However, when William "Wild Bill" Donovan, director of the O.S.S., got hold of Musulin's plans, he approved them immediately. That Summer of 1944, Lt. George Musulin, Sergeant Michael Rajachich, and radioman Arthur "Jibby" Jibilian parachuted into the hills of Serbia, not knowing if they would be captured and executed by the Nazis or fall into friendly hands. They were very lucky. The territory they landed in was controlled by Mihailovich's chetniks. Those Serbs who recognized 'Guv' Musulin from his previous stay in Serbia were overcome with happiness, as were the airmen, who now knew they had not been abandoned and left to their fate. So began the Halyard Rescue Operation.
On the southern slop of the Maljen mountain in Serbia, not too far from the small village of Pranjani (Prah-nya-knee), there was a clearing that Musulin felt was large enough to be used as an airstrip for C-47 cargo planes. It needed to be leveled off and extended by some fifty feet. General Mihailovich mobilized hundreds of peasants in Serbia to do the job and make the airstrip happen. They came with carts, oxen, shovels, and tools and used whatever natural resources they could, such as dirt, to create that airstrip. One of the men overseeing the operation was Mr. Zvonko Vuckovich.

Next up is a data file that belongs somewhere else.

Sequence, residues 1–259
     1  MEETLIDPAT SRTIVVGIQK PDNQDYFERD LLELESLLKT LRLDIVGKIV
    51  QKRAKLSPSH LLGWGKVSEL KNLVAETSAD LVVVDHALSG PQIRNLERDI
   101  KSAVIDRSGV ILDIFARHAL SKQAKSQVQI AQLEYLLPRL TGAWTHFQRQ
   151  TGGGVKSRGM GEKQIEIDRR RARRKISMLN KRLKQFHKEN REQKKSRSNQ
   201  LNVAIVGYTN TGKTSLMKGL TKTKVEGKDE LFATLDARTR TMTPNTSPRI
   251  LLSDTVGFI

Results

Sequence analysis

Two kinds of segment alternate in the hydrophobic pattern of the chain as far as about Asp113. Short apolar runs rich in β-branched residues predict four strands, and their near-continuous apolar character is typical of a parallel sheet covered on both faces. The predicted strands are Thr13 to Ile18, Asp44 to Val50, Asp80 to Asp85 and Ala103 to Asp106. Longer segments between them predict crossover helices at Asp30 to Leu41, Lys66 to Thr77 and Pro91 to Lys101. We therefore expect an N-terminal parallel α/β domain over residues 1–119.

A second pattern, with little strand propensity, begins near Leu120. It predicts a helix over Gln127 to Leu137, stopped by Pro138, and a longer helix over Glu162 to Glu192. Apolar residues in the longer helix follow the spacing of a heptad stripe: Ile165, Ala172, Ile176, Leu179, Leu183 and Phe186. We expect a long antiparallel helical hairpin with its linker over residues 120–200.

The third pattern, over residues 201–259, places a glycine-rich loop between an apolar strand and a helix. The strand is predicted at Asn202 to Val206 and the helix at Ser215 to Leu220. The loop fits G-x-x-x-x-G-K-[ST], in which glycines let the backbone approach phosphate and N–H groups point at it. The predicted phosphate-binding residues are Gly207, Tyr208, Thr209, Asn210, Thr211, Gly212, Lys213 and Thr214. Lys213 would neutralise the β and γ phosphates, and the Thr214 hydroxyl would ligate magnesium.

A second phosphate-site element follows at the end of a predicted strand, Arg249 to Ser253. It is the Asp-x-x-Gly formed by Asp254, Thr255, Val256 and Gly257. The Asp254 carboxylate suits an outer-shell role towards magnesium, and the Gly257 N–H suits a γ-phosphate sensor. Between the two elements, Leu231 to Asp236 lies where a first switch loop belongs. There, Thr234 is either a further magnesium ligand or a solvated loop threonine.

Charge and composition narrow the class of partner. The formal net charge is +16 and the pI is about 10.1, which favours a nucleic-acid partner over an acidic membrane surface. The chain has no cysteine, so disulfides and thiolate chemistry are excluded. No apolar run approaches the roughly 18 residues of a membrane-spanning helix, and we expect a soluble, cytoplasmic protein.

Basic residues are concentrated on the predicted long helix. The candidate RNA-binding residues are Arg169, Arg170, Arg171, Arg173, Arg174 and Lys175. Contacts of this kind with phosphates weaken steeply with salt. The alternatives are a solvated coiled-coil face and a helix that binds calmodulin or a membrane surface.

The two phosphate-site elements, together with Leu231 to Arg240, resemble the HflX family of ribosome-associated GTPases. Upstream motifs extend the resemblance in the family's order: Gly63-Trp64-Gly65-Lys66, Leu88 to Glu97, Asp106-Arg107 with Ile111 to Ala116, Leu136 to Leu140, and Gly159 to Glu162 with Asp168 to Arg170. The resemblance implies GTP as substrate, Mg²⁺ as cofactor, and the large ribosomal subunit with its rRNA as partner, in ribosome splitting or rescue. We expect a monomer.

Everything was finished and ready to go on the night of August 9th, 1944. The first C-47 plane was to land at 10:00 p.m. under the protective cover of night. There was, however, one very big catch. Only four miles away was a strong German garrison of 4,000 Nazi forces that had tanks, planes, and deadly ammunition at their disposal. That night, the first plane was to pick up 14 airmen and take off. Other C-47s were to follow. However, due to the abnormal amount of radio signals eminating from the area of Pranjani, the evacuation was not to remain the intended covert action that had been so carefully planned. The Germans picked up the radio activity, and it didn't take them long to figure out that something was happening. Musulin's radio communiques to the Allied base in Bari, Italy had been discovered by the wrong people.